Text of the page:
audiobooks Science Fiction

Terms of Enlistment by Marko Kloos (Book Thoughts)

I have been on a pretty heavy sci-fi kick this summer and needed an audiobook!  Cue a Kindle Unlimited with free audio search and I got lucky with Terms of Enlistment by Marko Kloos!  A soldier himself, Kloos delivers a fast paced and action packed military sci-fi adventure.

I was also pleasantly surprised at how many on discord read and enjoyed this series! I had never heard of this author but George RR Martin plugged the series soooo

Let’s get into it

Bookish Quick Facts:

  • Title: Terms of Enlistment
  • Series: Frontlines #1
  • Author: Marko Kloos
  • Publisher & Release: 47 North, May 2013
  • Length: 334 pages
  • Rate & Recommend: ⭐⭐⭐⭐ for a solid, addictive read that was enjoyable but didn’t do anything new

Here’s the synopsis from Am*zon:

“There is nobody who does [military SF] better than Marko Kloos. His Frontlines series is a worthy successor to such classics as Starship TroopersThe Forever War, and We All Died at Breakaway Station.” ―George R. R. Martin

The year is 2108, and the North American Commonwealth is bursting at the seams. For welfare rats like Andrew Grayson, there are only two ways out of the crime-ridden and filthy welfare tenements: You can hope to win the lottery and draw a ticket on a colony ship settling off-world . . . or you can join the service.

With the colony lottery a pipe dream, Andrew chooses to enlist in the armed forces for a shot at real food, a retirement bonus, and maybe a ticket off Earth. But as he starts a career of supposed privilege, he soon learns that the good food and decent health care come at a steep price . . . and that the settled galaxy holds far greater dangers than military bureaucrats or the gangs that rule the slums.

The debut novel from Marko Kloos, Terms of Enlistment is an addition to the great military sci-fi tradition of Robert Heinlein, Joe Haldeman, and John Scalzi.

Mostly taking place on a futuristic and overpopulated Earth, we meet Andrew Grayson and follow his enlistment into the army, eventual transfer into the Navy in space, encounter a lot of danger and explosions and army shenanigans, then finally end on first contact with a hostile alien race.

The pace never lets up in between those events either; it was hard to stop reading!

While Kloos doesn’t do anything new or particularly special, this is a fast paced, utterly action packed book with all the military humor and happenings. I like reading military sci-fi and fantasy when it is written by soldiers. Kloos delivered something that felt like realistic enlistment complete with bureaucratic nightmares, while embracing all sorts of futuristic technology and interstellar travel.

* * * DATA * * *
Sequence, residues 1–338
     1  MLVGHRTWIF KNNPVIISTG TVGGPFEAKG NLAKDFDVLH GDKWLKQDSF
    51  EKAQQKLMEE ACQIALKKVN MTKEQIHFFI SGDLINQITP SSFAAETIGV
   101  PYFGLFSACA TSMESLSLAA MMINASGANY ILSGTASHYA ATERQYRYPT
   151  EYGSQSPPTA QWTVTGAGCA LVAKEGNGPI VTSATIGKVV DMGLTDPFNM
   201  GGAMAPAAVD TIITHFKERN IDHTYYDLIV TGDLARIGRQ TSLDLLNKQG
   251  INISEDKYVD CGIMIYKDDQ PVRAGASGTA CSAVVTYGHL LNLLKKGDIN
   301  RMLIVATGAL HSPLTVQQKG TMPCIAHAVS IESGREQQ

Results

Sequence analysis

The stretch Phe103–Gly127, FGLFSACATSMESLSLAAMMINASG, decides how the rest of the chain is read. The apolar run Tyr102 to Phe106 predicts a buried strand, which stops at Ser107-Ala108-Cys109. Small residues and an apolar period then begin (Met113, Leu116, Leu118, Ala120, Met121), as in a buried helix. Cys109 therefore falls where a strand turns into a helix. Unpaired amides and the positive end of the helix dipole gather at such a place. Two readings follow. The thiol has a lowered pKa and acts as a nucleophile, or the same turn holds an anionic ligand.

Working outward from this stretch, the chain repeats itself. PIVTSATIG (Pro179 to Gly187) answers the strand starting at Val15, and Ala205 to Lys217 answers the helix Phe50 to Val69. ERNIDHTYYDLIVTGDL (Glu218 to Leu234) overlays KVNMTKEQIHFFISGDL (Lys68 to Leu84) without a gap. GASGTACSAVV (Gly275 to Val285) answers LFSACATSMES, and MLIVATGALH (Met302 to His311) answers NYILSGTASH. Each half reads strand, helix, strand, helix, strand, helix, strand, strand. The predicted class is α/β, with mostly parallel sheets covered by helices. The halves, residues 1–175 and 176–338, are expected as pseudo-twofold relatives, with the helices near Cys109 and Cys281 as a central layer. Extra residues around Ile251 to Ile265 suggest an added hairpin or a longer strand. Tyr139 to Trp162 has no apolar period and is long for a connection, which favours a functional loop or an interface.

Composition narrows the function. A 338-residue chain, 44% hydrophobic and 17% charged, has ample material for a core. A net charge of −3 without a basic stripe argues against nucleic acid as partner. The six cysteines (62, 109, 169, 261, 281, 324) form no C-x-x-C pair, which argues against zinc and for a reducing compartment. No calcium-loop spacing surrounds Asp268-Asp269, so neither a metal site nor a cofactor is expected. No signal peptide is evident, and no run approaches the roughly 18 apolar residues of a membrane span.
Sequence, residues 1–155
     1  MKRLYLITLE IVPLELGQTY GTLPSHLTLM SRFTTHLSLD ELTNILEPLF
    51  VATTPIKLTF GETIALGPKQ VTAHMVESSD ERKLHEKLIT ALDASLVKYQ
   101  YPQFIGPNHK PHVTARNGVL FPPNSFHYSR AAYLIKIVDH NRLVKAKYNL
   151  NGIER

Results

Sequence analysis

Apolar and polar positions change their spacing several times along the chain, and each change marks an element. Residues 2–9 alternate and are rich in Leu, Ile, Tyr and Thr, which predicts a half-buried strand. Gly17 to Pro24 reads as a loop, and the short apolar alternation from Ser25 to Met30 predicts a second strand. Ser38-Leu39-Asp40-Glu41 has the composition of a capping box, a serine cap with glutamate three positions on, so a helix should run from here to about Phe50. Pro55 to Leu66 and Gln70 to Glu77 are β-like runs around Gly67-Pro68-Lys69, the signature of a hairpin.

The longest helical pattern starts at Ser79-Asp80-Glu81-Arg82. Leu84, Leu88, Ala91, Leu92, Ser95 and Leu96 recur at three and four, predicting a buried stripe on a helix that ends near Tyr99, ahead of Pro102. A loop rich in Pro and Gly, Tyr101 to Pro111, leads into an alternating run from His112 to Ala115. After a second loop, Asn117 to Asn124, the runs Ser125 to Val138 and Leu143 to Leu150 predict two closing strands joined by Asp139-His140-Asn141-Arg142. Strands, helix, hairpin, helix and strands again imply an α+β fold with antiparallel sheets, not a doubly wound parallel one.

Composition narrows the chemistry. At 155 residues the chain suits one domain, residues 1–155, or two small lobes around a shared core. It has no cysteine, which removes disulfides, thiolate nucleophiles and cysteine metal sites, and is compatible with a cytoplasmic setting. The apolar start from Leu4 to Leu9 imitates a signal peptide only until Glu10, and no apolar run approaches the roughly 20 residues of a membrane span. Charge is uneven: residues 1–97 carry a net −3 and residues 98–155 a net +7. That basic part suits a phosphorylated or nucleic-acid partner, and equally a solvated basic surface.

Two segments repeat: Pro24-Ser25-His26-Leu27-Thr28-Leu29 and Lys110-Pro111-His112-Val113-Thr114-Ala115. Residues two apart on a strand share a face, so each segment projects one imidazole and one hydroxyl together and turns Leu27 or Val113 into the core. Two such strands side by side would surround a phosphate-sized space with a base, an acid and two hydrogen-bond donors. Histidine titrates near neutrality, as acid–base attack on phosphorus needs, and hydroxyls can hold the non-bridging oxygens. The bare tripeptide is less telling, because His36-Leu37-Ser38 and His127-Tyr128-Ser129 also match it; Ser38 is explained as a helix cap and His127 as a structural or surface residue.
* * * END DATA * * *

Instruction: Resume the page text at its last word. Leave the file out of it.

The action was good too.  There plenty of danger and destruction, rocket launchers, warzone action, death and more.

I hate to admit I miss the stupid ass stories my exes used to tell, so I am drawn to the military stories (especially sci-fi) since I’m just so used to that language. Maybe that mixed with growing up on Star Trek and classic scifi draws me to these books but I will read them all day.

Character wise, I like what I saw of Grayson and Halley and the others.  No one comes to military sci-fi for the characters but there are a whole cast of side characters and people we meet along the way that add a lot of personality and banter to the book. Sgt Fallon was amazing 🤣

I usually hate first person point of view but here, it’s ok.  It’s one of the reasons I couldn’t get to five stars but still, I didn’t hate it.

“At ease,” Sergeant Fallon says. “Jesus, don’t those instructors over at the depot remove the corn cobs before they send you off into real life?”

“I don’t remember having been issued any sort of vegetables, Staff Sergeant,” I reply, and Sergeant Fallon chuckles.

“A smart-ass. As if we didn’t have enough of those already. I think you’ll fit in just fine.”

From boot camp to destruction of a colonized world, Terms of Enlistment never let up on the action. I can’t wait to follow more of Grayson and Halley’s adventures. I listened to the second half on audio and liked it too, either format comes recommended!

**Narrated by Luke Daniels, from Brilliance Audio, the audiobook is about 9.5 hours long.  I liked his clear enunciations and many different voices.  Daniels added a lot to the banter, personality of the characters, and book in general**

Overall, I recommend for fans of the genre!